On the 13th April I fly to Yangon from the drenched streets of Bangkok. When I arrive it is nighttime and everything in Yangon appears calm and seemingly normal. I am here for the Thingyan Water Festival in Yangon, a celebration which takes place for 3 days between the 13th and 16th of April, to welcome the New Year in Myanmar. In the past years I’ve joined many Songkran festivals in Thailand, even the Singhalese New Year in Sri Lanka but my visit now to Myanmar was by far the more intriguing. The significance of Thingyan in Myanmar is magnified by the social and political climate where parties of any kind don’t really exist and groups are discouraged and oppressed. In comparison with Thailand where people can, and do, party everyday, year round the contrast was guaranteed to be significant. For the Thingyan Water Festival in Yangon I keep it local in downtown area and Chinatown where in three days I see next to no other tourists or travelers. While there are more touristy friendly parties found in Yangon during Thingyan, Inya Road and Kandawgyi Road a popular area, but I was more interested in street life and localised events.
The morning starts quiet and as I sit for early breakfast the sounds of cheers and horns pass on the street out front. I rush to the front and find a parade of pickup trucks passing in anticipation for the water fight ahead. It is now close to 08.00am and for now no water is thrown. The water festival doesn’t start until 9:00am each morning, and it will then continue through to 12:00pm before a lunch break. At 15:00pm it starts again, continuing through to 18:00pm. I’ll get into the rest further down. So as I sit back to my breakfast a gong sounds on the road as two youngsters pass on the street balancing a wooden pole and hammering a bell which dangles from the center. Soon following is a procession of monks with alms bowls taking temple offerings from residents of the street as they pass. The monks will then return to the temple when soon after the water fights begin.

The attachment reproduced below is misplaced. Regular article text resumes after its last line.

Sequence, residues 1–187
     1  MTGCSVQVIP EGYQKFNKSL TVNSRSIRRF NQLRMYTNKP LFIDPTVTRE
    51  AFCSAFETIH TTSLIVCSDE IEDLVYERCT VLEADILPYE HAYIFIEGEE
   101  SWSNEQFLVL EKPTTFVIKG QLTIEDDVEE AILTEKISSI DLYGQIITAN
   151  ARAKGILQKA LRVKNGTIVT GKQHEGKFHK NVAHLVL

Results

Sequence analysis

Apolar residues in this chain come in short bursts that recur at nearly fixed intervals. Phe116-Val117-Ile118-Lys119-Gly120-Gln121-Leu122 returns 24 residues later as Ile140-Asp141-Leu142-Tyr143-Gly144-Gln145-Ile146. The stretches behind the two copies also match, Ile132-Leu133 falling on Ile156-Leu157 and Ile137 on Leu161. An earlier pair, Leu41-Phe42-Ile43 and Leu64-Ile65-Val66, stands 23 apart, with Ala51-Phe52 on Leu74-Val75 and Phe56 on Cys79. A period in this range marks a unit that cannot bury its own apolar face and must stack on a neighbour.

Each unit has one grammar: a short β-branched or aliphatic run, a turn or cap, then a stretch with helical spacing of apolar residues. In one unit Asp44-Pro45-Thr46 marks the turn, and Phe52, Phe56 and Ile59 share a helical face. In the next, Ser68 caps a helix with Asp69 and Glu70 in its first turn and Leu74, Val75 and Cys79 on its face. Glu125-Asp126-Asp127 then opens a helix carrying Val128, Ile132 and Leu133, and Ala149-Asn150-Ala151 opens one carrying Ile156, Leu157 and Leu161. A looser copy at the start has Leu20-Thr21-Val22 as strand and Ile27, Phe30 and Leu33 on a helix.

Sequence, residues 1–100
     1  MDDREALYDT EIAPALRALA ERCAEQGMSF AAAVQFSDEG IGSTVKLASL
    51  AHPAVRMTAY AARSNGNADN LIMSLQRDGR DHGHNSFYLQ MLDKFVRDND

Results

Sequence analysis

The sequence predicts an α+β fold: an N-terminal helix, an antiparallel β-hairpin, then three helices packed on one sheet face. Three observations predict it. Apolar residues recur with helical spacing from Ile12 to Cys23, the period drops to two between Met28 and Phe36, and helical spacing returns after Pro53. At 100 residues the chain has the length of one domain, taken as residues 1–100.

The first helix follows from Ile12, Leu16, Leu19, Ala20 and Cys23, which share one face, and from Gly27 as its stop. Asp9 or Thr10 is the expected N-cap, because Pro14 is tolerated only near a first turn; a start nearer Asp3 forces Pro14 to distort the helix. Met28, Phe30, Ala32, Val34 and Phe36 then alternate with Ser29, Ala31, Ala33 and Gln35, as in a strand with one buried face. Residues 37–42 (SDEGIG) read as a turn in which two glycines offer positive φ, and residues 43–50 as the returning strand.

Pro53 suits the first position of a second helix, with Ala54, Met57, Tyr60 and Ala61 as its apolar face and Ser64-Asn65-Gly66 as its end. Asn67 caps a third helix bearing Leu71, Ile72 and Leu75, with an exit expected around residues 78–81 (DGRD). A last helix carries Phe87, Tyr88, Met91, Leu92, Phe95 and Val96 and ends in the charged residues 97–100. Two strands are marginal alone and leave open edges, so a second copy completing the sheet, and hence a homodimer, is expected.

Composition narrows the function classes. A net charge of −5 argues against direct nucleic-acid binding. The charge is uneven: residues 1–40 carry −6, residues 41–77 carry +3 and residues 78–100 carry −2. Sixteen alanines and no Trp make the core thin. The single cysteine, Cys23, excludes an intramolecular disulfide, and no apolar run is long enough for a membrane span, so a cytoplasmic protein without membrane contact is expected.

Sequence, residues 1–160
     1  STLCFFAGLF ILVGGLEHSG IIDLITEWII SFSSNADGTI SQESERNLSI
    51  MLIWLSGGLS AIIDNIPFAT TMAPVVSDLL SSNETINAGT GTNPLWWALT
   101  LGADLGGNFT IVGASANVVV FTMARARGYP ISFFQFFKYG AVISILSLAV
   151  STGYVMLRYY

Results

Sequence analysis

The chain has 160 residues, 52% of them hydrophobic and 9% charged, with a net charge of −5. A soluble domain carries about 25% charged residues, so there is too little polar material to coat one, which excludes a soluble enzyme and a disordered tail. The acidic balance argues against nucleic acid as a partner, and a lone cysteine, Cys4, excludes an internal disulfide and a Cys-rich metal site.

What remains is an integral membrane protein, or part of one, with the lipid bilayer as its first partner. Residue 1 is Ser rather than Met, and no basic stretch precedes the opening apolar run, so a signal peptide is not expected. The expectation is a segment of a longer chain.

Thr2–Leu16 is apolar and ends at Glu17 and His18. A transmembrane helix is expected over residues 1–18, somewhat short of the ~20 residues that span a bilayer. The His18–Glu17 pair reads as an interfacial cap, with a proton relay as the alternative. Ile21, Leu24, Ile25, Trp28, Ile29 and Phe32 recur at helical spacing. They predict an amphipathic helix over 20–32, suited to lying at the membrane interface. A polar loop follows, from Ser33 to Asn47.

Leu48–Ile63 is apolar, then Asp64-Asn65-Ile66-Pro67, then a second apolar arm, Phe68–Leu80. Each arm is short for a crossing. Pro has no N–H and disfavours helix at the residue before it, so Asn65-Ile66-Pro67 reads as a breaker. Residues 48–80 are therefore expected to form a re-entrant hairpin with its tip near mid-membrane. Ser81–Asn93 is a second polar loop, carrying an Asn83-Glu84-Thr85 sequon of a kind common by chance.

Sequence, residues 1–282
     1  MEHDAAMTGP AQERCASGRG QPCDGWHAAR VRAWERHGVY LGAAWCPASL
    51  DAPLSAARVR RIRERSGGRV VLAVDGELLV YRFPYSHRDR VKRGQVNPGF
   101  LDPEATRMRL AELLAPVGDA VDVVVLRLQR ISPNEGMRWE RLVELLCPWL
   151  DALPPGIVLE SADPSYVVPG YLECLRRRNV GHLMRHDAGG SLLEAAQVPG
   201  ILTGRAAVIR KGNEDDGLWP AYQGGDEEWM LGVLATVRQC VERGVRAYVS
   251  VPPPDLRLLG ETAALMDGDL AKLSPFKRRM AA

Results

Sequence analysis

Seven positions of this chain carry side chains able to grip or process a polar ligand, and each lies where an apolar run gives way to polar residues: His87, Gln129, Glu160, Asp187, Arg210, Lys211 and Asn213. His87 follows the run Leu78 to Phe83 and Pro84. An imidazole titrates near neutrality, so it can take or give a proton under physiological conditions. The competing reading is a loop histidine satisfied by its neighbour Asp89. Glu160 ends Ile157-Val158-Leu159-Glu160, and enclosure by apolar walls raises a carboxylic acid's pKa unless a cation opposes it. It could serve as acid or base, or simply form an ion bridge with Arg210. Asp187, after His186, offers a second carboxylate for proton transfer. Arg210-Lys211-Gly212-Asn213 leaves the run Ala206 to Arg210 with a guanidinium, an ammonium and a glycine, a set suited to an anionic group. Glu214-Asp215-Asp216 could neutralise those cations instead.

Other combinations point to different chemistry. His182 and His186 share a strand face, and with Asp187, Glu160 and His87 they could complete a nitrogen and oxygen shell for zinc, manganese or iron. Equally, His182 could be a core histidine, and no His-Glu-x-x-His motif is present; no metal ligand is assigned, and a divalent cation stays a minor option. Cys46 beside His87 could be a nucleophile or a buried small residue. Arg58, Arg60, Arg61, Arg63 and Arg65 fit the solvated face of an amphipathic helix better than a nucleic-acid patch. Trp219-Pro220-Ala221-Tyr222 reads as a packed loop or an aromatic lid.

Similar to Song Nam Phra of the Thai Songkran festival I start the day with merit making at the nearby Sule Pagoda. Much of this ceremony was in fact new to me including the Burmese Zodiac. I start at the foot of a Buddha statue where I pour water over the animal statue which corresponds to the day I was born. For me it was the Monday and the Tiger. I pour nine small cups of water on the Buddha statue, then five small cups of water on the Tiger statue below. The pouring of water on Monks, or Buddhas, is the most significant ceremony of the Thingyan Festival. The process is said to wash away bad actions of the past year which is followed by wishes for the coming new year, asking for good fortune and health for myself and family etc. Check here for the full temple ceremony at Sule Pagoda and the Burmese Zodiac.
Almost instantly when the time turns 9, the quiet streets of downtown Yangon transform into a party with water fights, booze and thumping techno. Arriving to the same corner I started the transformation is unbelievable, the scenes probably best described as mental. Myanmar’s youth and punk cultures are prominent in the celebrations and they quickly take over the streets as the older generations sit back at their shop houses or share free feasts under tents erected at the roadside. Every other street corner would be bouncing with techno and small stages will be set with water pools and hosepipes. I did try to video some of the mayhem, but it’s not easy to do this on a street being drenched with water. Video below.